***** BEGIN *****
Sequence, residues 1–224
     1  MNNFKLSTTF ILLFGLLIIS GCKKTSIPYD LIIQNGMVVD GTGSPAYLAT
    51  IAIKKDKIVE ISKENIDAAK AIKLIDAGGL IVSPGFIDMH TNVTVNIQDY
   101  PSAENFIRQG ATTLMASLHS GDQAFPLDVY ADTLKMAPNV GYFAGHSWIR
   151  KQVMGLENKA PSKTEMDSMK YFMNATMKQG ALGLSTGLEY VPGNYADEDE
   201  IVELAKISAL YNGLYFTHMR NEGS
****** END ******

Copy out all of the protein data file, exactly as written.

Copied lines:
Sequence, residues 1–224
     1  MNNFKLSTTF ILLFGLLIIS GCKKTSIPYD LIIQNGMVVD GTGSPAYLAT
    51  IAIKKDKIVE ISKENIDAAK AIKLIDAGGL IVSPGFIDMH TNVTVNIQDY
   101  PSAENFIRQG ATTLMASLHS GDQAFPLDVY ADTLKMAPNV GYFAGHSWIR
   151  KQVMGLENKA PSKTEMDSMK YFMNATMKQG ALGLSTGLEY VPGNYADEDE
   201  IVELAKISAL YNGLYFTHMR NEGS